Many port expanders and shift registers are available in dip packages. For example the MCP23017-E/SP https://www.digikey.com/product-detail/en/microchip-technology/MCP23017-E-SP/MCP23017-E-SP-ND/894272

And here's a shift register you could use: CD4021B https://www.digikey.com/product-detail/en/texas-instruments/CD4021BE/296-2040-5-ND/67261

You can easily daisychain multiple shift registers together to get as many inputs as you need.

Tutorial: https://www.arduino.cc/en/Tutorial/ShiftIn

  • \$\begingroup\$ I would second "don't get too clever", and simple 8 bit cd or 74hc series cmos shift registers. Personally I think that better than a zillion pin micro - more robust,repairable, and easier to change micros. But if you do want to get too clever: 11 micro port pins can read 110 switches (with diodes). Generally M pins can read M*(M-1) single switches \$\endgroup\$
    – Henry Crun
    Apr 2, 2018 at 6:47
  • \$\begingroup\$ That's a solution I hadn't considered, and you're right it would work. It does come with a tradeoff though. With a matrix there are only 16 connections to the "motherboard". Taking them out of the matrix results in 128 connections which is significantly larger. That would significantly increase the complexity of assembly. \$\endgroup\$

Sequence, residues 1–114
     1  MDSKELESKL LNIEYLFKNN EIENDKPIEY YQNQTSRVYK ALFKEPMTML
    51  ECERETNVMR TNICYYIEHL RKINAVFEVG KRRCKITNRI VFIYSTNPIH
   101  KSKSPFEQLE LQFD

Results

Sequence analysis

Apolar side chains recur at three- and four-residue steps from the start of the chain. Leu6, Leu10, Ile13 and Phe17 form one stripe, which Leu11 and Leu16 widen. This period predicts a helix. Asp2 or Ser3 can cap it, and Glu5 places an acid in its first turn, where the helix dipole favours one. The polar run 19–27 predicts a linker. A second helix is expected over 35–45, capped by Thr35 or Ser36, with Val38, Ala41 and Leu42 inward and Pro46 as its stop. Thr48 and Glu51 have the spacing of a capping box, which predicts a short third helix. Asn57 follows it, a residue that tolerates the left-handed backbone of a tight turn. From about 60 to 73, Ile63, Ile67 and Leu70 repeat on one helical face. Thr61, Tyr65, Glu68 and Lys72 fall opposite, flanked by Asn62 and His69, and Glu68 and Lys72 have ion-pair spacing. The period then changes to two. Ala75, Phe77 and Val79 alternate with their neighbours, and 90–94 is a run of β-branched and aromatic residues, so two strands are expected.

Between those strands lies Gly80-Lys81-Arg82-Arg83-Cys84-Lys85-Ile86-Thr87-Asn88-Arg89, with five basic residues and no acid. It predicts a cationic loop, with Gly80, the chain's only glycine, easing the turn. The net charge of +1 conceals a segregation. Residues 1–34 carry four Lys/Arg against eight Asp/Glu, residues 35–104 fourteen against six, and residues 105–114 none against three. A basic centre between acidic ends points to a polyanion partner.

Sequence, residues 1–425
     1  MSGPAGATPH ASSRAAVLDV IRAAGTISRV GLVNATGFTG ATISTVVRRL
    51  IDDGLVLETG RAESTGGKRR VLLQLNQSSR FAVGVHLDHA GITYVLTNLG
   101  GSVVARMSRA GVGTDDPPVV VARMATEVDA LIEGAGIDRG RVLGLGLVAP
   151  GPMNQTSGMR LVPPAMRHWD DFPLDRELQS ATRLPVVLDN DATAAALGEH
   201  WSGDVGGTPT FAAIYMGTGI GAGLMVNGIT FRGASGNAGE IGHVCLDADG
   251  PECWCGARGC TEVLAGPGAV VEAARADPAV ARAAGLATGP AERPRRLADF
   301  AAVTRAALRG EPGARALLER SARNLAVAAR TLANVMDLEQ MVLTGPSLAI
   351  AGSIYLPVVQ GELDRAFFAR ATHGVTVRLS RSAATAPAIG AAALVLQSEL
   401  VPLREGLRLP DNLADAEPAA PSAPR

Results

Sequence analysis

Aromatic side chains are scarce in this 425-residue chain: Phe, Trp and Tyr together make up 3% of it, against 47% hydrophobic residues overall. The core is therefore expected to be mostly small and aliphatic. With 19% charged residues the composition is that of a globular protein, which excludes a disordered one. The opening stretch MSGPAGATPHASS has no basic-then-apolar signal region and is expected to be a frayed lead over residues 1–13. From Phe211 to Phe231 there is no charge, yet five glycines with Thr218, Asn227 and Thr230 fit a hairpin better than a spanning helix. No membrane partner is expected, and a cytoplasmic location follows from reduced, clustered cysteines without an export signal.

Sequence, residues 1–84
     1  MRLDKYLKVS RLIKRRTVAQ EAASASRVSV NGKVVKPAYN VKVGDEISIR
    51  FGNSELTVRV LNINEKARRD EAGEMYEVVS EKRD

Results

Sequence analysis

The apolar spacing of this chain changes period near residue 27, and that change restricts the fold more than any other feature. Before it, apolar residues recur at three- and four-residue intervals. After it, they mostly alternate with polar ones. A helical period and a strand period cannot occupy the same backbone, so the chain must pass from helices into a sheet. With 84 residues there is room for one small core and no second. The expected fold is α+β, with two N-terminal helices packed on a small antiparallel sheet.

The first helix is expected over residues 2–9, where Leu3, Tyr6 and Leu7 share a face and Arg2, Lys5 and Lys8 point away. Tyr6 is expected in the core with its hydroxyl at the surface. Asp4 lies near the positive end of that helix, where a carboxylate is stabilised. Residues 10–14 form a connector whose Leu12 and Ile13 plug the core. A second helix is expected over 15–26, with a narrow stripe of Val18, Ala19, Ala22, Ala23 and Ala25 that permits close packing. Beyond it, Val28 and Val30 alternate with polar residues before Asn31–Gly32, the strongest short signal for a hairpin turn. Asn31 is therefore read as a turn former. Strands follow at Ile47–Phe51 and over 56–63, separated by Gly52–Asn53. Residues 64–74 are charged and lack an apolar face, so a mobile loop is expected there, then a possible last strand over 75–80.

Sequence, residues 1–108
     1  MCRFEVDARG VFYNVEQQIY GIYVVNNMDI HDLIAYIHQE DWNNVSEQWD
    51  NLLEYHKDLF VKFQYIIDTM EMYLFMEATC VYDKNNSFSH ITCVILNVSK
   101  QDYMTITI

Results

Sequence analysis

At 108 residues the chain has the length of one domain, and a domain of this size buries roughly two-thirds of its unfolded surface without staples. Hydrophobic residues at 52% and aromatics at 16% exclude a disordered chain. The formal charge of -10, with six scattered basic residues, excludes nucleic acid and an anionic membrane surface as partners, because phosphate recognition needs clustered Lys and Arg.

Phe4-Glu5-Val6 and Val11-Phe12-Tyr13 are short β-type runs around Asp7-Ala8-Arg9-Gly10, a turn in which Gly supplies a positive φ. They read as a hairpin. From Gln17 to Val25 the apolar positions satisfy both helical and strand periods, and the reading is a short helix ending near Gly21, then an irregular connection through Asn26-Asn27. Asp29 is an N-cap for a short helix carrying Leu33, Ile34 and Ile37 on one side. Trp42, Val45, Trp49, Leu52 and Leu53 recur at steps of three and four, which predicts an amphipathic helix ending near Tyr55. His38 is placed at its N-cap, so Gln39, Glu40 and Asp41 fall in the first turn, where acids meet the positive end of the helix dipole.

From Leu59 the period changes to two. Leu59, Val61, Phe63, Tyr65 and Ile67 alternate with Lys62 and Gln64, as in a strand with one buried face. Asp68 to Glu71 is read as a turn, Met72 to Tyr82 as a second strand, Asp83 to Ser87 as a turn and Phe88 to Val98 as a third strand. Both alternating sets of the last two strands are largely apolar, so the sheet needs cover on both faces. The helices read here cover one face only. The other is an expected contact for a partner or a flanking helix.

– Geomancer
    Apr 2, 2018 at 21:24

You have not stated what you intend to connect the "scanning" circuit block to.

Any reasonably fast micro can do the scanning and anything else you might have in mind. Just drive the scan routines with a periodic interrupt that is fast enough. For example, you might choose to scan a row every 100us, which would give you a scan rate of 800us for the entire array. It can deposit the key states into an 8-byte array which you can work with to implement the desired functionality. You can also implement a debounced array which will respond slower, necessarily, as microswitches can bounce for quite some time.

Doing it in a dumb way only takes 11-16 port pins. If you use a 1 of 8 decoder (eg. 74HC138) to decode the column, then you only need 3 pins to address that, and then 8 pins to read the row.

CMOS threshold is typically 0.3/0.7 Vcc so even with a 3.3V supply you have 1V to play with. Use Shottky diodes as you show and you'll have plenty of noise margin. HCT (TTL) level inputs are fairly rare these days.

Microswitches may not be reliable switching such small currents unless you specify ones that have precious-metal contacts. If you just try to use existing ones that have spent their life arcing and switching solenoids or whatever you may have issues unless you use relatively high voltages and currents through the switch matrix, but that is outside the scope of this question and my answer.